Distance travelled today: 26 km
Total TA distance coveted: 2082 km
Did I sign a must have wet feet clause somewhere?
A good nights sleep and a hot shower at Boyle Village Outdoor Ed Centre was just what the doctor ordered. Plus a chance to get some laundry done. Trampers are not the Outdoor Ed Centres first priority but neither the less even after a busy week and closing down for the weekend they looked after me. It was basically just Roger and myself last night, having the run of the place to ourselves with a weekend caretaker popping in briefly.
A warm shower and fresh fruit with breakfast is always a good start to any day out on trail. Straight from the outdoor ed centre it was onto State Highway 7 for a kilometre before heading down towards the Boyle River and following its rocky banks for another 1 km before having to cross the river itself. I’d just got my socks and shoes dried and was determined to keep them that way, at least for the start of the day, so shoes and socks came off and crossed the river barefooted (never a good idea by the way). It was above my knees but not quite hip depth. Foot placements were fine but it was bloody freezing so early in the morning. Picking a line across I just kept going before my feet became numb. On the other side I sat down to dry my feet and put socks and shoes back on but it was a very rushed job. The sandflies were insane, harassing any piece of exposed skin. Arrh… They are so annoying. Along my tramp I’ve formulated a flying insect analogy with aircraft and reckon sandflies are like stealth bombers: silent, out of sight and you only know they are there when the damage is done. Anyway, one crossing down and I have dry feet, at least for now! Was that going to last? Nope. Not a chance in hell.
I had another 2.5 km to go before having to cross the Doubtful River which feeds into the Boyle River. But even before I got to the Doubtful the trail passed over some swampy ground hidden under grass that was impossible to keep out of. One foot found a soft spot and sank into the dark mirk. Quickly scrambling for a foot placement my other foot soon found out that this swampy section was wide as it also sank and became waterlogged. So less than one hour in and I have wet feet again. Awesome. This got me thinking… did I sign something along the way that committed me to having wet feet day in day out? Maybe its a hidden clause or regulation of the Back Country Hut Pass.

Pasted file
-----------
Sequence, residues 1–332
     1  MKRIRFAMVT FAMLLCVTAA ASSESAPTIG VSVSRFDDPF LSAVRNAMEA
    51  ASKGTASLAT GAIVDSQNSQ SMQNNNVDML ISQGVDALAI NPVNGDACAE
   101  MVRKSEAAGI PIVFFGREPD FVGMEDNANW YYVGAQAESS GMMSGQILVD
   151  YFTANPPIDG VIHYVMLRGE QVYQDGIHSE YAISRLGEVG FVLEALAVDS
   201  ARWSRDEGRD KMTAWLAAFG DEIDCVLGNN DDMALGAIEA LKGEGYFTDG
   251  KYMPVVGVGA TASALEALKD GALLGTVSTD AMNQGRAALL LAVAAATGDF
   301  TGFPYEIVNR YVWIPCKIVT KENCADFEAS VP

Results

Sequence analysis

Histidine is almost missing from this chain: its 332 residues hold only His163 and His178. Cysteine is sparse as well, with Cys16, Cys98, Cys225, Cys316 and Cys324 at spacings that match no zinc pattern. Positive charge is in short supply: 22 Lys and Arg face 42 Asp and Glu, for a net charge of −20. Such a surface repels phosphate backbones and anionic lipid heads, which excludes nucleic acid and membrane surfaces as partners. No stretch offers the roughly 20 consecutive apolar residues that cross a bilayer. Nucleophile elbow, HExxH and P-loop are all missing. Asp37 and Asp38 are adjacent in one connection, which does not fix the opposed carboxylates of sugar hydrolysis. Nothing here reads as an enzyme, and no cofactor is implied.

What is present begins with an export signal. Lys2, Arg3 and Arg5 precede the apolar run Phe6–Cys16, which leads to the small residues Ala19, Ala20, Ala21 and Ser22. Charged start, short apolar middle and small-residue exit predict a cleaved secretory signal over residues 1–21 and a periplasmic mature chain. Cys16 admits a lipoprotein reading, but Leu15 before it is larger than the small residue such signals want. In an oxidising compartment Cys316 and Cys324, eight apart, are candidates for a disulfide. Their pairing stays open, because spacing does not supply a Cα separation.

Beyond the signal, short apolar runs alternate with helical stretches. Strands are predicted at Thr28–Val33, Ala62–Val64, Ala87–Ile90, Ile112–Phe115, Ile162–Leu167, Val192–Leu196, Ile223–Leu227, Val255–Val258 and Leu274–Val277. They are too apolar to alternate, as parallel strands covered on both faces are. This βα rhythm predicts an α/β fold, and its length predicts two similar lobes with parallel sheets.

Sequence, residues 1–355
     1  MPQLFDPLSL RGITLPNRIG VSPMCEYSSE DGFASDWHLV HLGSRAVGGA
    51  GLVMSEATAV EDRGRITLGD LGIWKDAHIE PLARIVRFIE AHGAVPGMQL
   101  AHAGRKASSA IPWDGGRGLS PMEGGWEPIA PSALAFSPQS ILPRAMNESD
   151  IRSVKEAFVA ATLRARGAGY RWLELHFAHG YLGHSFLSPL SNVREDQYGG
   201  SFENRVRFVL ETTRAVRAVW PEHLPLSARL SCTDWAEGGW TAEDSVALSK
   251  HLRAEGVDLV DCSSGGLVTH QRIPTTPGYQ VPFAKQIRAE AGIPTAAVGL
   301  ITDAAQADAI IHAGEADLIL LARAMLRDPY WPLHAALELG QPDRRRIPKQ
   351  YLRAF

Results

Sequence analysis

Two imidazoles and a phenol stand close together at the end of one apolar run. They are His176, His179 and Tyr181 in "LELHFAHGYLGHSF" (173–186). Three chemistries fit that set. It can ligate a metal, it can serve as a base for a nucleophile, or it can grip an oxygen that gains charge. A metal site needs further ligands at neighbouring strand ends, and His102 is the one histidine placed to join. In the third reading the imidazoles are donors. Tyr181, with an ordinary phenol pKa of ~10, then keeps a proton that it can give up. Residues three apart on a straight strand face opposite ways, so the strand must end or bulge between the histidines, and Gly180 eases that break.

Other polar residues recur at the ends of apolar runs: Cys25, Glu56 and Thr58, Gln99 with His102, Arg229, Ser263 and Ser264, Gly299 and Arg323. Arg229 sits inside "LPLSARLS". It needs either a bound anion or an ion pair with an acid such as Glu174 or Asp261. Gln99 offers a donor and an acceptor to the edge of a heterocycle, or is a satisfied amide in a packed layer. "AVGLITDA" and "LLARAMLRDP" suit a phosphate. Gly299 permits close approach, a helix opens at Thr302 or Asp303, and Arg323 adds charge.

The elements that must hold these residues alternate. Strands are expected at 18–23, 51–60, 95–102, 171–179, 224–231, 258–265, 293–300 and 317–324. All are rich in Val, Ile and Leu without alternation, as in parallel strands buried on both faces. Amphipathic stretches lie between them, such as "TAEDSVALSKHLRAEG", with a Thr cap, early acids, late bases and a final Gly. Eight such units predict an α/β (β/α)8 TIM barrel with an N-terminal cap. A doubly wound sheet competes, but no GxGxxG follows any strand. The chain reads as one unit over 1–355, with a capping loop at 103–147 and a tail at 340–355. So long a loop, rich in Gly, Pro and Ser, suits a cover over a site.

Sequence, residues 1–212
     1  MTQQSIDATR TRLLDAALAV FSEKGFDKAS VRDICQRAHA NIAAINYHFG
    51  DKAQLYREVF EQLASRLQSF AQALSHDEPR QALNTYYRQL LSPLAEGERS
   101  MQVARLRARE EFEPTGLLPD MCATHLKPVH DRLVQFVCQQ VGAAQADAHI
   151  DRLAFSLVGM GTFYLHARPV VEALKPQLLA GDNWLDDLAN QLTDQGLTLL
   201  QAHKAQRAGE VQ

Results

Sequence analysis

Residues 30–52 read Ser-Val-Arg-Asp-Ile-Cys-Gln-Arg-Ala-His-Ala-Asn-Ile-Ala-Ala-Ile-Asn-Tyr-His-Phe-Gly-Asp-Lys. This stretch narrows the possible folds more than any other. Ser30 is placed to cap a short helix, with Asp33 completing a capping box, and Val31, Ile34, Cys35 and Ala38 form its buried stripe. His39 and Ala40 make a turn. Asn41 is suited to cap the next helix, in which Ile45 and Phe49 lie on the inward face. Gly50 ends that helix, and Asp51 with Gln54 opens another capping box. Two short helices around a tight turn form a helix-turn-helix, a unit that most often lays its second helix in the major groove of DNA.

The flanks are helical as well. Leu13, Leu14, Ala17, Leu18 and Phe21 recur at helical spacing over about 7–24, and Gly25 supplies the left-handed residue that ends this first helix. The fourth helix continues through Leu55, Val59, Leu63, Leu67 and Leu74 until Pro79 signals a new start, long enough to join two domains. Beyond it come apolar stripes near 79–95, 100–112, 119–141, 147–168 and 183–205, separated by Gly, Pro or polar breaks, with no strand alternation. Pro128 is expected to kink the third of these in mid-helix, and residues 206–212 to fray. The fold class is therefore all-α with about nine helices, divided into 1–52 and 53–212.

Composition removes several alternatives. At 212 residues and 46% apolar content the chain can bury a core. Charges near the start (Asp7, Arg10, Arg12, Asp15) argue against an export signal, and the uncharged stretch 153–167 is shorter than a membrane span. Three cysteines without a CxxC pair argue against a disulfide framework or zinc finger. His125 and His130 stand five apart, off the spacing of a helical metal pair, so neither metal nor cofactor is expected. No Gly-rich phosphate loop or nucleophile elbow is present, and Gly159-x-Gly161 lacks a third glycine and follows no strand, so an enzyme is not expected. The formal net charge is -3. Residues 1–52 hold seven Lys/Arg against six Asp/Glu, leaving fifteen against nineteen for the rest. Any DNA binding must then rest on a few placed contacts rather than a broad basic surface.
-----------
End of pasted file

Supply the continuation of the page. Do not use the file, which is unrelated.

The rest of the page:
Always look on the bright side hey – at least this made the crossing of the Doubtful easier and I guess I didn’t have to worry about trying to find dry crossings for the rest of the day. On the down side, with wet feet all day, in the heat, particularly when there are muddy crossings, both socks and shoes reek really badly. It’s not too bad with lots of fresh water crossings and a chance to dry socks at the end of the day but constantly wet, equals constantly smelling.
The next 6 kilometres were on a section of trail basically constructed to keep walkers off the highway and link two sections of track. It was well marked and easy to follow but just shitty. Nothing of value to see, patches of gorse and scotch thistle and quite a portion following a deer fence. Anyone following in my path, save yourself the time and walk or hitch the highway to Windy Point. Some portions were brand new, with recent signs of a small machine pushing through head high manuka to form a corridor, easy to follow, nice and wide and easy to walk.
From Windy Point the trail improved massively, entering into the shade of beech forest again. This was great as the sun was out in force and burning the back of my neck. The track through the beech was perfect. Nice and wide, relatively root and rock free and following along a contour for a change rather than straight up and straight down. This continued for around 5 km before exiting the trees and heading down towards the grassy valley flats to Hope Halfway Hut. I had lunch here. Given I hadn’t had a wet foot crossing for quite a while I hung my socks and shoes out in the wind and sun and managed to get them dry again which was great.
From Halfway Hut the trail meandered through small sections of beech forest and mostly stuck to the valley flats. Not sure if these are state or privately owned but they are grazed. Signs of cattle dung was everywhere and numerous small stream crossings were showing the signs of damage as well. Besides grass pasture and native grasses the only plants that seemed to be growing were tall, very prickly wattle type of things, the footpad weaving in and out amongst the them. After four kilometres of this it was onto a swing bridge over the Hope River. Then another 1.5 km across grasslands to my destination for the day Hope Kiwi Lodge.
A good night was had at this hut. It was here I met Vanessa, an Aucklander out for an overnighter over the Waitangi Day public holiday. We got chatting and like so many others was fascinated to hear about Te Araroa and asked heaps of questions. Celine and Jeremy, a French couple who I’ve followed in the hut intention books for a couple of weeks were also there. Later, Rose arrived, a kiwi walking Te Araroa north bound. We spent the evening talking through various sections that each of us would encounter over the coming weeks which was great. I learned that Deception Valley is no problem and watch out for the Two Thumbs track. Rodger also showed up later in the day.